I say Central Europe because many nations — including Germany, Austria, and Hungary — have claimed the idiom as their own; however, the expression also appears farther to the east, in places like Latvia and Russia.
Don’t jinx it is the most analogous and simplest, idiom I can think of in English, at least as far as implied meaning goes, but in English it is usually reserved for keeping some positive prediction to oneself to avoid attracting bad luck or misfortune that brings about the exact opposite of the optimistic expectation.
In this sense, the English idiom and its Central/Eastern European counterpart involve the notion of cursing something by the mere act of speaking about it; however, there is a big difference between jinxing an optimistic expectation and being wary of a negative one manifesting in real life. For example, the Hungarian version of Don’t paint the devil on the wall sometimes includes, or he will come off the wall/he will appear!
Some English-language interpretations claim exaggeration of the negative, often excessive or unwarranted, to be the idiom’s core message. For example, Don’t listen to Jack when he gets all gloomy about the economy; he’s just painting the devil on the wall.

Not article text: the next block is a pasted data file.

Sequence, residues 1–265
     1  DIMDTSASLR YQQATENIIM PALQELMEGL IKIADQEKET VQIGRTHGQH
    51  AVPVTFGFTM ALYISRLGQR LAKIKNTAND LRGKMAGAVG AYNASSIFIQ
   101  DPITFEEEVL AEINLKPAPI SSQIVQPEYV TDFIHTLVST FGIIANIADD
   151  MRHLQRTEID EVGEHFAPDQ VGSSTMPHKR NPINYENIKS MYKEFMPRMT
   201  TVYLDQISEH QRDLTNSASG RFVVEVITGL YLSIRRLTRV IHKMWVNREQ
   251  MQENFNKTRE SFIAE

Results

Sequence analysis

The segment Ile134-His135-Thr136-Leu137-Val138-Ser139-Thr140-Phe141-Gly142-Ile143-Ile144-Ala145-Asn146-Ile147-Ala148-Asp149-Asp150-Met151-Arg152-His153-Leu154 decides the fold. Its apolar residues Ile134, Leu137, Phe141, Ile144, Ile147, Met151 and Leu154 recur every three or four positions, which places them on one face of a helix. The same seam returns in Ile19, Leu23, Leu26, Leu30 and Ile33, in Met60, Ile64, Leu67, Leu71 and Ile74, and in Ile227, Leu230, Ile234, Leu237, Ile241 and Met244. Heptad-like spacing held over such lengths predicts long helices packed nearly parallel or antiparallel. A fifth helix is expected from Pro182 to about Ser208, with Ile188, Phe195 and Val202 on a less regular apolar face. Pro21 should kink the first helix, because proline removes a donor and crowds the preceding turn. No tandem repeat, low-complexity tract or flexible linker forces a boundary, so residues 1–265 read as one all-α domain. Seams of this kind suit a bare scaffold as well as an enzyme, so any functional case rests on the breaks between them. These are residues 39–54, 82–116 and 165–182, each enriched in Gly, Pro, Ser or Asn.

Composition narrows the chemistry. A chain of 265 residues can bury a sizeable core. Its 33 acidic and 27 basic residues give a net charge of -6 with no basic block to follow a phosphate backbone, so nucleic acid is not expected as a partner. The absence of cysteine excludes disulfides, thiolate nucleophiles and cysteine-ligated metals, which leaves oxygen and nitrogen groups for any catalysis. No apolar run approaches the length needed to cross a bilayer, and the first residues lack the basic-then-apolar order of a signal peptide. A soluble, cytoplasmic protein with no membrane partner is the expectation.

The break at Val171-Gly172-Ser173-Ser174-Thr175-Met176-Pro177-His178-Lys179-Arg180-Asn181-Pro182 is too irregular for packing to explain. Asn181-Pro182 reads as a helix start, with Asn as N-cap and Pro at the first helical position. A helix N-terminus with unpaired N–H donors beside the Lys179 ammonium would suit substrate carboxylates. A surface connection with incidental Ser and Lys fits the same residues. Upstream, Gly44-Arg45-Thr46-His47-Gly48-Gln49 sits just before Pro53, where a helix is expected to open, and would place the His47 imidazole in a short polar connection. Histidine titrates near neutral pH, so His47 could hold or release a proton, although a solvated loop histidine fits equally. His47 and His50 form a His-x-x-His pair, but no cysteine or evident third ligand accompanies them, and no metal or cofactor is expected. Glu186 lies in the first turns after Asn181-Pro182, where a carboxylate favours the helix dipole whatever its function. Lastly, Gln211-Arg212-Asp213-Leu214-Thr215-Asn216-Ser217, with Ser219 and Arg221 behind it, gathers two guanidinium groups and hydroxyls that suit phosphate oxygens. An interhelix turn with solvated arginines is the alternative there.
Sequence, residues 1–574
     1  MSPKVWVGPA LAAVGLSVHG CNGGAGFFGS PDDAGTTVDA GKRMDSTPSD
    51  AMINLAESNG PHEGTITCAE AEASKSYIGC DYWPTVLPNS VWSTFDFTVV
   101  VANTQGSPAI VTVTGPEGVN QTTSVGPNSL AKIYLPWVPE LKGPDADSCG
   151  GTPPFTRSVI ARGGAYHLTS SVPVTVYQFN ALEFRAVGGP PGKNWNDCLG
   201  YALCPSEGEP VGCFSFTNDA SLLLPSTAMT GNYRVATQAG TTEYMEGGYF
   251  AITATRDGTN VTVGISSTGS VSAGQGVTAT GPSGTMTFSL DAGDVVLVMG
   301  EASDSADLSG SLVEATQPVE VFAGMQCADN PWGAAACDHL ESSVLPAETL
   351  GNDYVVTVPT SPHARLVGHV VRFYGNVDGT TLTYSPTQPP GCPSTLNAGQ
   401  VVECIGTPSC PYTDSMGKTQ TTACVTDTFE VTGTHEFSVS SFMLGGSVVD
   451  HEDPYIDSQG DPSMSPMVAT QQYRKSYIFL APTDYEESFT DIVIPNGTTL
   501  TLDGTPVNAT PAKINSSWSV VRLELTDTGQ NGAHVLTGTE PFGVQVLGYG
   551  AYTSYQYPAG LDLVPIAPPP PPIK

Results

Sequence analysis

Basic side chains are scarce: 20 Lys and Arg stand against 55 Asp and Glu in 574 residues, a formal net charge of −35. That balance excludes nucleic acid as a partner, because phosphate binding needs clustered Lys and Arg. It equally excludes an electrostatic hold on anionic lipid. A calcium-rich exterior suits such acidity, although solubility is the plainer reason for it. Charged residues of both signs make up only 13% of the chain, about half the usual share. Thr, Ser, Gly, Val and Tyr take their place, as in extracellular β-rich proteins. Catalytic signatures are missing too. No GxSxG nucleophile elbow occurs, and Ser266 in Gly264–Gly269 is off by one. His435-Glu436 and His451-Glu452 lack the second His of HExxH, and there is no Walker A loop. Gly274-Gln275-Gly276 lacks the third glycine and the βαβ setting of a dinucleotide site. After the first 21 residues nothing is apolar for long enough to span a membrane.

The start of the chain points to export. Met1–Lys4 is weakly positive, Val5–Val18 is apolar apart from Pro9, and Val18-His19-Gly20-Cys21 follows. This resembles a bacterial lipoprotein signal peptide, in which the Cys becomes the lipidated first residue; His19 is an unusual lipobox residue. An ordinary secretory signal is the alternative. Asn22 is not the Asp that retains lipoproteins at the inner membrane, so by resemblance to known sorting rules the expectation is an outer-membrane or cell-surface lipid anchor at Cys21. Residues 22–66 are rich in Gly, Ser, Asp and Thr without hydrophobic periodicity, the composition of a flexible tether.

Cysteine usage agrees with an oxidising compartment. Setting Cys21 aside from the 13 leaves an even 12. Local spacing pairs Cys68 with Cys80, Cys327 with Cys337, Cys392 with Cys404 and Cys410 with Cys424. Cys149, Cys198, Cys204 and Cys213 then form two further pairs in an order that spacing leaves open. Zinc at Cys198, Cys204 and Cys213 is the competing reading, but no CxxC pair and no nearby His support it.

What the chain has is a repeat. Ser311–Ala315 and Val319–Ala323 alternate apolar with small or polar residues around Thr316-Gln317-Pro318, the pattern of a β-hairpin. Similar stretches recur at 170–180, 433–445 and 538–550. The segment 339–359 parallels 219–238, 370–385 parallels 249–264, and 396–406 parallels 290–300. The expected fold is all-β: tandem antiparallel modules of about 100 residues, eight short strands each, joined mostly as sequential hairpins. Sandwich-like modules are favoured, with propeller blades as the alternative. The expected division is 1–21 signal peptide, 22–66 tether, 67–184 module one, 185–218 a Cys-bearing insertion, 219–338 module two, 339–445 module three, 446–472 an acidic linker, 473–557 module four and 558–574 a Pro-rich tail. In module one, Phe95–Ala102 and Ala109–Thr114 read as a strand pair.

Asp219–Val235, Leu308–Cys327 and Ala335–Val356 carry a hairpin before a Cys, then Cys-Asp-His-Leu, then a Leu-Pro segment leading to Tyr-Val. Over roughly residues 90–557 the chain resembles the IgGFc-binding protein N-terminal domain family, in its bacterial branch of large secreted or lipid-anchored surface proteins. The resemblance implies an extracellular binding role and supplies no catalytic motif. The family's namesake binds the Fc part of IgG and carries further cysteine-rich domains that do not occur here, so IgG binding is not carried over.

I don't know if this meaning within the idiom exists in other Central/Eastern European countries. It does in Hungary, where painting the devil on the wall sometimes refers to prophesying bad things that are untrue or unlikely to happen. However, in my experience, don’t make a bad thing even worse by talking about it is the more frequently implied meaning.
I am no prophet, and I rarely make predictions. Although I share negative views, I keep the bulk of my this-worldly pessimism and foreboding to myself because I wish to avoid accusations of painting the devil on the wall.
I don’t want to hear that my negative this-worldly views are excessive and unwarranted, and I would rather not be accused of making a bad situation even worse by simply talking about it.
Look closely -- no paintbrush. You see, I’m generally cheerful, daring, and optimistic, yet an unmovable earnestness underpins this positivity — and this informs me that most people have no sense of just how bad the situation in this world is.